Hepatitis represents the most common liver disorder characterized by an inflammatory condition resulting in degenerative changes in the organ. Liver dysfunction can therefore significantly impact many other organs and systems throughout the body.
The different letters — A, B, C, D and E — represent the five unique hepatitis viruses. The viruses differ in various ways, including the mode of transmission and availability of a vaccine. Despite some 20 million cases occurring worldwide each year, there is lower public awareness of hepatitis E compared to its more well-known cousins, hepatitis B and C.
According to the World Health Organisation (WHO), the risk of Hepatitis A and E is associated with lack of safe water, poor sanitation and hygiene. One can possibly get Hepatitis A by drinking or eating something that already has a virus in it. It is very common among young children. As there is a high incidence of water contamination during monsoons, there is an increase in the number of cases of Hepatitis A and E. Waterborne viral hepatitis is afflicting hundreds of thousands of Indians every year in a country that has the highest number of people in the world without access to safe water.
Dr C Khandelwal, a gastroenterological surgeon, said the number of Hepatitis A virus (HAV) and Hepatitis E virus (HEV) cases increases by 10 per cent during monsoon. “These numbers further increase post monsoon, when there is contaminated water everywhere. In rare cases, acute hepatitis can be severe and results in acute liver failure and pancreatitis. It can cause chronic liver disease as well, which can cause bleeding from the mouth”.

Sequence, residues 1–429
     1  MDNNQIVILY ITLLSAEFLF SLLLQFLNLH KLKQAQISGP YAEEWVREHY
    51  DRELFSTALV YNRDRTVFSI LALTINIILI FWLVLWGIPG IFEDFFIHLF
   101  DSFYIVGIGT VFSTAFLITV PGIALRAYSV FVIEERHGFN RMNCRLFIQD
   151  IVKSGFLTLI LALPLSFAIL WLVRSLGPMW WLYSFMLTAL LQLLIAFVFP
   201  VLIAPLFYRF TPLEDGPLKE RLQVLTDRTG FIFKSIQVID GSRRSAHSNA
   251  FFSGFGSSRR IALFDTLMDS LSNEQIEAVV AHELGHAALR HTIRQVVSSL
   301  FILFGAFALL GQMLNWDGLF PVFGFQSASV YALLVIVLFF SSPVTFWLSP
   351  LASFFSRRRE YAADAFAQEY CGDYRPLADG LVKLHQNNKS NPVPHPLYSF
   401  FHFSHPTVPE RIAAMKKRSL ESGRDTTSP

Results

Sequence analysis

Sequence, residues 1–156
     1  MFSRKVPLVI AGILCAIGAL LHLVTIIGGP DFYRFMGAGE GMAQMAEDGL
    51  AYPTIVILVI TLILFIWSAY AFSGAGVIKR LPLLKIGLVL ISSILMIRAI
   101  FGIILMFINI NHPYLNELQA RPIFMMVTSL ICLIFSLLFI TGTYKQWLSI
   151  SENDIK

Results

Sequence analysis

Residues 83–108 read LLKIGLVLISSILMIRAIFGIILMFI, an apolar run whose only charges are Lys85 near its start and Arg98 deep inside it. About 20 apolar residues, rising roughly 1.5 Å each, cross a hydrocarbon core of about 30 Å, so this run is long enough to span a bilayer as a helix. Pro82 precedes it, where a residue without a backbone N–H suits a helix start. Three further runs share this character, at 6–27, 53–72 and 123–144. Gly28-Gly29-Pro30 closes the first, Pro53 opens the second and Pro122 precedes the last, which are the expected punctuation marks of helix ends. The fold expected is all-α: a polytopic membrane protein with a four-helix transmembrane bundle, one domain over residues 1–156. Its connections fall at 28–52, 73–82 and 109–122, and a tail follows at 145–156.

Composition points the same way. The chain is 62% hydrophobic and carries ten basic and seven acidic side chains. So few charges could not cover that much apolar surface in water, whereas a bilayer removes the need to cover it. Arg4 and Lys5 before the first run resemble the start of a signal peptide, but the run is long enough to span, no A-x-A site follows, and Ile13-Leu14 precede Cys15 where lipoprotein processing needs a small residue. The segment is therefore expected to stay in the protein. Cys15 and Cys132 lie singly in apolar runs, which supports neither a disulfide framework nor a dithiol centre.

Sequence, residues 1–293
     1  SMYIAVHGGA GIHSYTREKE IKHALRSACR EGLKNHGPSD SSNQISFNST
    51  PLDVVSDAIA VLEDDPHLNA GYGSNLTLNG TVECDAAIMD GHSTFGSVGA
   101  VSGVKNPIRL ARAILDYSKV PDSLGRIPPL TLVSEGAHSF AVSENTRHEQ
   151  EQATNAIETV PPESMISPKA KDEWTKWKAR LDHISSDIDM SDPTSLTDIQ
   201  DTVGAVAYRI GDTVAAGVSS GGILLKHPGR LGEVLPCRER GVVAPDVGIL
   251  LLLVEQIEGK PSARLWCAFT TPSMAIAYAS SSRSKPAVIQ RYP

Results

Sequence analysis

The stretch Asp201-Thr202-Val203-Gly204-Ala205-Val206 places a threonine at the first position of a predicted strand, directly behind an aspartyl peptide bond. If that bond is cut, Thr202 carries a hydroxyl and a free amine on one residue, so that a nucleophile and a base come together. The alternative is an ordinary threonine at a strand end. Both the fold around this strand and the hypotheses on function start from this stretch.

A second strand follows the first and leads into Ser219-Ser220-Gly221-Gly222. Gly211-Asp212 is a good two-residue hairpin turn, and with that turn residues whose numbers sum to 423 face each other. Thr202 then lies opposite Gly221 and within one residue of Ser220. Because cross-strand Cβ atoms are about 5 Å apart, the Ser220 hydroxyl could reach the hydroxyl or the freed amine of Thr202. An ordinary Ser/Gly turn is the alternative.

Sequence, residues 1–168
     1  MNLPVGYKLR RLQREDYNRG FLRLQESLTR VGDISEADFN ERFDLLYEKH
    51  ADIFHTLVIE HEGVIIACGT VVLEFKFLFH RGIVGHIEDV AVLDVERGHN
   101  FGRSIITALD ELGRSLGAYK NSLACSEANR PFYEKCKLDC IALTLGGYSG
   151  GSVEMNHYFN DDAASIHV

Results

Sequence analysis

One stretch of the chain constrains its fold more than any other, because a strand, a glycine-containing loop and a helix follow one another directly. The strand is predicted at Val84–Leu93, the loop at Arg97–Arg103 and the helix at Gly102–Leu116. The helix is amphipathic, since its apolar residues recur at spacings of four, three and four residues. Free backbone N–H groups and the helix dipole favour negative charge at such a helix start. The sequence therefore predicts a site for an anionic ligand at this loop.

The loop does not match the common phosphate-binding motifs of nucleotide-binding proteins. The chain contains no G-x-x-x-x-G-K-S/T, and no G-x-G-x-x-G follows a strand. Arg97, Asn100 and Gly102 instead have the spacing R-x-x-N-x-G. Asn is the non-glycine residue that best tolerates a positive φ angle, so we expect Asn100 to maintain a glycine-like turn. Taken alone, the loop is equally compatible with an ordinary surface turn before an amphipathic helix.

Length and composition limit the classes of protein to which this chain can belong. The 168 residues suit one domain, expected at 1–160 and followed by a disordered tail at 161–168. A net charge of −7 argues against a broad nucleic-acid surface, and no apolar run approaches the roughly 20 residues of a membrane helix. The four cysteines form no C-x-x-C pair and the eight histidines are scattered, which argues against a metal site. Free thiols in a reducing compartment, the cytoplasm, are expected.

HEV is an enterically transmitted virus that occurs primarily in Asia, Africa, and Central America. The rates of HEV infection have usually been higher in pregnant women. On the same line, HAV is transmitted via the faecal-oral route, and has a global distribution.
HAV infection is a common infection responsible for about 1.4 million new infections worldwide each year. “Acute hepatitis A & E are more common in the developing countries where they are responsible for most of the cases of hepatitis. They can occur in epidemic and sporadic forms and certain areas like the Indian subcontinent are endemic for these diseases”, said Dr Qais Contractor, Gastroenterologist at Saifee Hospital, Mumbai.
WHO reports Hepatitis A is one of the most frequent causes of food-borne infections. In developing countries where the level of sanitation is low along with poor hygienic practices, the incidence of Hepatitis A is high and almost 90 per cent children have been affected by Hepatitis A virus before the age of 10 years.
Dr Gourdas Choudhuri, director and HOD, Gastroenterology & Hepatobiliary Sciences, Fortis Memorial Research Institute says that the therapy for hepatitis A and E is aimed at maintaining proper nutritional balance and including adequate amount of fluid as it is lost due to vomiting and diarrhea. The patient has to take adequate rest. In case of pregnant women, they have to take additional nutrients to ensure that the foetus is not affected. Alongside improved sanitation and food safety, vaccination is one of the ways to prevent hepatitis transmission, according to the WHO global strategy on viral hepatitis. Vaccine for prevention is available only for Hepatitis A and not for Hepatitis E.
These infections can be best avoided by maintaining good hygienic conditions, avoiding consumption of outside food, especially uncooked food. But more than that, there is a general requirement of collaborating various sectors to work together to supply safe water and conduct safe sewage disposal.